- stopping busy life to enjoy all the small things around you (including an awesome garage band practicing in an upstairs apartment with the window open)

- the creation and execution of fantasies

- the correlation between manliness and the ability to eat spicy food

- the source of addiction

- the proper time to drink coffee

- animal cruelty

- the possibility of attaining happiness


Thanks for some great food for thought Daryn, and hope you guys had a safe flight home!

Tuesday, December 30, 2008

Ummm... AWESOME!


Mexico pictures

Okay, so all told there were a whopping 8 usable pictures on my camera from Mexico. Talk about a let down! The only time I busted out the camera was when we went to the beach, and even then it was only for about five minutes before I decided to take a dip into the cold ass water.


So here they are, in all their glory.


A flock of birds flying by. I desperately tried to get the camera on and pointed/exposed as they flew by and only got two shots before they were gone:


Choppy Seas:


DaNece, informing just how cold the wet sand is, shoes and sea-shell collecting bag in hand:


The Sandy Beach Resorts, which are multiplying down the coastline:


A fishing vessel of some type that was surprisingly close to shore:


DaNece, with dog in tow, walking down the beach:


A final remembrance of the beach:


Flickr Set

Shaggy Christmas - Week 11, and the home stretch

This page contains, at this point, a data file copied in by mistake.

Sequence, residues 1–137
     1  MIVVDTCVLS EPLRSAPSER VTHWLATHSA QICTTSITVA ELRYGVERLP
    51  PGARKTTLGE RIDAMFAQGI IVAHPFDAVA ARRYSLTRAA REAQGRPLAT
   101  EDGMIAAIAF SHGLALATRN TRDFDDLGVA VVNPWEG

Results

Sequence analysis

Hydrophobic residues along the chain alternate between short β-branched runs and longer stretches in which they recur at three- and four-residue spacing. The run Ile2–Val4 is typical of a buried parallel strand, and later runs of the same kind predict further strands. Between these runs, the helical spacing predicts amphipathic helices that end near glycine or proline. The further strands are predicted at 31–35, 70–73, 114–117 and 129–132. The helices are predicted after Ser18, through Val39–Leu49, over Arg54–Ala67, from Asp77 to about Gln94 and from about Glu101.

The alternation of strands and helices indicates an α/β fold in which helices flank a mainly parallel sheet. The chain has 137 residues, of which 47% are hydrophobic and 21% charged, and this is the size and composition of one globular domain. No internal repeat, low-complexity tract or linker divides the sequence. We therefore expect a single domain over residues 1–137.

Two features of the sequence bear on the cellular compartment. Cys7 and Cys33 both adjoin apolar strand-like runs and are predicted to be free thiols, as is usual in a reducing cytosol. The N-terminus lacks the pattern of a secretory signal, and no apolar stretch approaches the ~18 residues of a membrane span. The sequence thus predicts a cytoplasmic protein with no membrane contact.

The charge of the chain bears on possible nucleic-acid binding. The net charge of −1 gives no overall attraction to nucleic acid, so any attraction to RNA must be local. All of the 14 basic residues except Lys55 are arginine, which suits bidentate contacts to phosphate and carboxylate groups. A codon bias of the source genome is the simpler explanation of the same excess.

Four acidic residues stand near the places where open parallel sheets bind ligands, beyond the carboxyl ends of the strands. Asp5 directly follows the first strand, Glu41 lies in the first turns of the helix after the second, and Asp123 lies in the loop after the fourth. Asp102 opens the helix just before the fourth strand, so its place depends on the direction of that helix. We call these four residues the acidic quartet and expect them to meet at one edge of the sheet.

Project codename: Shaggy Christmas has drawn to a close. After 11 weeks of waking up and having to consciously  NOT shave, I have gone from a mere boy to the awesomely manly dude you see here.


I have attained a near-lumberjack level of ruggedness. And I shit-you-not, a tree trembled when I walked by it not even a week ago!


Okay, so it is a fairly mid-grade attempt at a beard, with its fair share of bald spots, and wily curls. But by god it was my mid-grade attempt, and I was proud of it for the eleven weeks that it graced my face.


Before we left for Mexico I decided to go ahead and shave the cheeks off, as they would sometimes annoy me while sleeping. I'm thinking I will keep the goatee action going on for another month or two before returning to my bare-faced visage.


No real pictures of the goat yet, but here is one that we snapped on the beach in Mexico of us:


11(ish) weeks in pictures.

Note to self

When you have a little, old, cute, Thai waitress,


And she tells you that something isn't that spicy.




Every part of your body will thank you if you keep this in mind next time you go out for thai food.

Monday, December 29, 2008

Back and alive

Back from vacation. Mexico was great.


- We cooked all but two of the meals we ate.

- I swam in the ocean (it was cold!)

- DaNece gathered a huge amount of sea shells

- the dogs got to run on the beach for the first time in their lives

- I burned my throat eating jalepenos

- I came down with the flu on christmas day, not so fun